Christian’s Cinematic Syntax: “Pickpocket”

“My movie is born first in my head, dies on paper; is resuscitated by the living persons and real objects I use, which are killed on film but, place in a certain order and projected onto a screen, come to life again like flowers in water.”
— Robert Bresson, Notes on the Cinematographer

The 1959 film directed by Robert Bresson, Pickpocket, is a mosaic of human complexity as much as it is a defiance of morality through a character that is uncertain of life. The film is incredibly literary in its executions — being heavily inspired by Dostoevsky’s Crime and Punishment —with a director puppeteering his actors to escape his opinion of superficiality and including a main character that narrates throughout. Relating to my previous post on the auteur theory, Bresson was one of the directors that these theorists actually admired. He has a distinct presentation of his philosophy in his films, making him a quintessential image of an auteur. Pickpocket is no exception.

The Bressonian style emerges with its presentation of  lifestyle, specifically one of a person who identifies with the profession of a pickpocket. The image of this specific pickpocket is what Bresson and his cinematographer, Léonce-Henri Burel, present through exceptional camerawork, which consists of tightly framed close-ups that make the viewer pay witness to these crimes. The camera also places no negative opinion on these crimes, being indifferent to these sequences and allowing the audience to create a positive or negative judgement.

*Spoilers ahead*

Martin LaSalle, an unprofessional actor, gives us a stupendous performance as the main character, Michel. It’s a performance based on subtlety, with his acting always feeling genuine and highly controlled. The character itself has an indifference to everything and does not have the archetypal good persona. He is a defiant; a person who is unconventional in his lifestyle and one who is away from common morality.

The cold gaze that Martin LaSalle possesses presents his character as one similar to that of Meursault from Albert Camus’ famous French novella, L’etranger, another character that does not have any significant feelings toward his surroundings. This is proven through Michel’s actions, with his constant thievery that does not cease until his arrest. A description of Martin LaSalle’s performance can almost be documented as merely underwhelming, which is not necessarily a negative. But, I could see a typical audience member not being completely enthused at Martin LaSalle’s acting ability, or Robert Bresson’s particular style of filmmaking.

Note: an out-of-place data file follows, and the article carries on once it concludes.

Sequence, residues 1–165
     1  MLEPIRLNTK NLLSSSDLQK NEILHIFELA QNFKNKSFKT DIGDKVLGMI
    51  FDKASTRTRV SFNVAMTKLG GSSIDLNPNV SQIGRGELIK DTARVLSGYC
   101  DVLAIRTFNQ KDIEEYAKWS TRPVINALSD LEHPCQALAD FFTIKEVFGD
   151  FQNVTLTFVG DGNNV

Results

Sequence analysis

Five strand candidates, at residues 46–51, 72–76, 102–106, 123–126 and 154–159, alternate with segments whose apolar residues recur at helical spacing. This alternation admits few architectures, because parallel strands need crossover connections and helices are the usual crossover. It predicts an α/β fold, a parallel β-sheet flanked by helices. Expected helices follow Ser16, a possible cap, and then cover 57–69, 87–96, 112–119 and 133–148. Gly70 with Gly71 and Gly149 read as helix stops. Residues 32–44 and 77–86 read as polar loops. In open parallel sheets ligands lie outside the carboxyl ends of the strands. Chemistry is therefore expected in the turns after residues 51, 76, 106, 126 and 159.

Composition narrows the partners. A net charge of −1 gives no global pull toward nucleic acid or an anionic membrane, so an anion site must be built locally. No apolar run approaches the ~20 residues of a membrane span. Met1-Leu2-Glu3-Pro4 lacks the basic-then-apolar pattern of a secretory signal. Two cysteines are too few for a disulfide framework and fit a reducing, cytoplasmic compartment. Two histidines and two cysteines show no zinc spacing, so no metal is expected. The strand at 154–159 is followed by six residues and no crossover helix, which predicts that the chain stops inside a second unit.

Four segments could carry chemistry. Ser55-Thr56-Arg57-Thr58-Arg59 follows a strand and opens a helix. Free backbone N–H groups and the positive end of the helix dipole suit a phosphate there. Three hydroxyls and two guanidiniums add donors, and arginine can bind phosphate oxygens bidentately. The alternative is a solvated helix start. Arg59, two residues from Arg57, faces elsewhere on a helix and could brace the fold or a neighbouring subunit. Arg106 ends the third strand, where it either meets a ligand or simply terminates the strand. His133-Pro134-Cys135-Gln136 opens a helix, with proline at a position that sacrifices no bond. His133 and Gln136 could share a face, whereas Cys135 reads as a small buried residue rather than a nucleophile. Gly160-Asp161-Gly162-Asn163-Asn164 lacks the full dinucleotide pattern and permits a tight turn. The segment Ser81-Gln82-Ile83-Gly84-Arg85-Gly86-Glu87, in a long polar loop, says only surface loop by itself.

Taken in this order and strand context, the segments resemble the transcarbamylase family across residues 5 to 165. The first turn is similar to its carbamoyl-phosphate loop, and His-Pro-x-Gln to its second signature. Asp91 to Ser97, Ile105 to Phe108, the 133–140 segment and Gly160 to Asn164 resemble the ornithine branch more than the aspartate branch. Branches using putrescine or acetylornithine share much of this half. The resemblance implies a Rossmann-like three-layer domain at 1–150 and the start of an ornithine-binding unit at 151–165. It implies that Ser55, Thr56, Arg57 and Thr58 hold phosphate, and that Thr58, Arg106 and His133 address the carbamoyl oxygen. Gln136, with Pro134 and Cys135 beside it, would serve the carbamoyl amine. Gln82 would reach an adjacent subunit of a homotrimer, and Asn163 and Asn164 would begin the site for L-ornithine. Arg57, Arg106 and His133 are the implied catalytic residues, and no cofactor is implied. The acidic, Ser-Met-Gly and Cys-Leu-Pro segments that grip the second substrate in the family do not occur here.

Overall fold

The particular style is a rejection of over-stylizing, as well as a choice of simplicity, which is the entire basis of Bresson’s mise en scène. In Pickpocket, Bresson stresses this simplicity through his mise en scène with frames that have baseline lighting and nothing visually stimulating. He chooses to focus more on the objects in frame, rather than oversaturating the frame with visual messages. Every scene of thievery presents key objects, which are usually the items that the pickpocket, Michel, wants for monetary gain. The train theft is a perfect representation of the under stylization of mise en scène; the objects (watches, wallets, money) are all center stage in close-ups as the group of pickpockets pursue them. This method works well for this subject matter; the simplicity adding a layer of emphasis to the object presented. The mise en scène is consistent throughout, with simplicity being more of substance rather than densely filled frames.

The film has a specific scene that is a culmination of the elements that Bresson includes throughout. I’m speaking of the sequence at the racetrack at the film’s climax, which bridges the beginning racetrack scene where Michel gets caught to the present. This beginning scene is foreshadowing the final situation, since Michel is about to get caught again. This scene uses the simplicity and tight framing of the character among other patrons of the racetrack.

With Martin LaSalle’s eyes wandering, because an undercover policeman tempts him with a large sum of money, the tension is made well-known, and we are led from this tension to the conclusion that Michel will be caught. This is made apparent because of the camera’s intense focus, which is done with genius execution. The sound of the handcuff is resonating, attaching on Michel and showing the fate he has chosen. No longer a part of the “supermen,” and being thrown away in prison, Michel is forever lost within himself and has lost a chance with love.

This film is nothing short of fantastic, although I feel that Bresson has a style that is translated better in other examples of his work. Pickpocket is a solid and immensely, intricately executed film; one that immerses itself within the lifestyle it portrays. Not a single moment is used for a manner that is unnecessary and frivolous within its direction. This is a film that is really a Bressonian expression of what he is about, although not to the perfection of a translation to the general public. In general, Bresson’s work is well-crafted, and Pickpocket is a must watch to truly understand the magnitude of the impact that Robert Bresson had on French Cinema.

4 out of 5

— Christian Mietus, Film Blogger

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